Project: Passive Acoustics of Shola birds.
Description: Passive acoustic recorders are widely used in bioacoustics research today as they can be used to answer a variety of biological questions. These autonomous recorder units can collect data for extended periods (from days to months) in inaccessible and inhospitable conditions where human observations are difficult. Thus these recorders provide a level of scalability that is otherwise extremely difficult.
We use these autonomous recorders units (ARU) to examine the avian diversity in the Shola Sky Islands of the Western Ghats. The montane cloud forests or the Shola forests are found in the high elevation (above 1400m elevation) of the Western Ghats, and is a unique landscape. These habitats host several threatened and endemic species. Coincidentally, the Shola forest is a very dense and dark environment which makes visually locating species difficult, and most detections of birds are aural. In recent years, around 60% of the landscape has been modified due to anthropogenic pressure, habitat degradation, and invasive species. We use ARUs to understand the current status of some of the threatened avian species in this landscape. Our current deployments allow us to examine bird presence over several months at a time.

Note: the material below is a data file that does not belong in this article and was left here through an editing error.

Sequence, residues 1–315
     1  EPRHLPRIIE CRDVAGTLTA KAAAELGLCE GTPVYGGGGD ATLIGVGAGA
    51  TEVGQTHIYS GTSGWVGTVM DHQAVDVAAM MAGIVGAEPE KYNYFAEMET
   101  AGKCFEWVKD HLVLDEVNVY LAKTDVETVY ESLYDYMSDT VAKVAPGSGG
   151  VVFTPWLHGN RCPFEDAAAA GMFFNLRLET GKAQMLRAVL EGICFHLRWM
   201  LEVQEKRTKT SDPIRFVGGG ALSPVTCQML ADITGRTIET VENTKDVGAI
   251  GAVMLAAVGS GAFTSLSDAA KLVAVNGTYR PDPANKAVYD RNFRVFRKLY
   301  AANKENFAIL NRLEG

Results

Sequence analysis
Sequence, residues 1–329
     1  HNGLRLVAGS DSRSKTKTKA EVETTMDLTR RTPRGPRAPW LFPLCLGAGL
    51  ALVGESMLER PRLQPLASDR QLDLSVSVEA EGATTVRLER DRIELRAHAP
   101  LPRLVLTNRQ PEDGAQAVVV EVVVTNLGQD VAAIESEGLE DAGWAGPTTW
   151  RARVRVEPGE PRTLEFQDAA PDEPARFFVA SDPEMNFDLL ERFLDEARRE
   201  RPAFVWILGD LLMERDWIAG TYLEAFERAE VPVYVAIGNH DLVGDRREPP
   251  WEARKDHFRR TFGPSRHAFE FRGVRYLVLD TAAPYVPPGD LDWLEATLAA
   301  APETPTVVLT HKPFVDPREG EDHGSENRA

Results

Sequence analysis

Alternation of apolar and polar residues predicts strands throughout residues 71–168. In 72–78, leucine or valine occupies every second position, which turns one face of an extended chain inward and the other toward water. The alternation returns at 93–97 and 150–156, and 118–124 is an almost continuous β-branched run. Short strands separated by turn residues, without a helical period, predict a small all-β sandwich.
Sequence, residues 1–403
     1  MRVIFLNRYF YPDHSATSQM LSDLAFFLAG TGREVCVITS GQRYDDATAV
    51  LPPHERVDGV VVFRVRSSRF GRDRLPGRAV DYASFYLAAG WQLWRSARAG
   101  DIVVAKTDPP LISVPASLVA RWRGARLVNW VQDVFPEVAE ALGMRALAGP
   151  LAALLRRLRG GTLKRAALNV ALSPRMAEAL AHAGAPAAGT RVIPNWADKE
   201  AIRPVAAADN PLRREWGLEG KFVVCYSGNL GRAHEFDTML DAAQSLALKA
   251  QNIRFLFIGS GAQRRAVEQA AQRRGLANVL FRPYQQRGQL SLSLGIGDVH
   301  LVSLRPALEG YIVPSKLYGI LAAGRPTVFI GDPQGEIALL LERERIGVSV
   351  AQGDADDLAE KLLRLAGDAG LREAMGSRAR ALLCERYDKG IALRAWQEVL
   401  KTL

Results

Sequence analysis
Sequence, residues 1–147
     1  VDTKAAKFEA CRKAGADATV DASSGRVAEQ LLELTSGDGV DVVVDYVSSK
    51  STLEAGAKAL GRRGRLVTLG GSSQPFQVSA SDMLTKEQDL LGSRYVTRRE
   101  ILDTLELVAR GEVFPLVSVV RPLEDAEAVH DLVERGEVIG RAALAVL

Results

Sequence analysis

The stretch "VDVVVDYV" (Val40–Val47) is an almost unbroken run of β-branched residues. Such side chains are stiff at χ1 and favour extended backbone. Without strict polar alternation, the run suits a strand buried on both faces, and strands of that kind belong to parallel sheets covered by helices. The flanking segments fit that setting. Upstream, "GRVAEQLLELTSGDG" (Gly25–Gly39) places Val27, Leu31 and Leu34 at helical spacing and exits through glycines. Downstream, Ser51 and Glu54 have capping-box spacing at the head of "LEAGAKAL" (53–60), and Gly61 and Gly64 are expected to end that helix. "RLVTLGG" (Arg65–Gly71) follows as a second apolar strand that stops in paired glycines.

Study site: Shola Sky Islands of Palani hills.
Funding: SERB, National Geographic Society, IISER Tirupati
Collaborators: Holger Klinck Cornell Lab of Ornithology.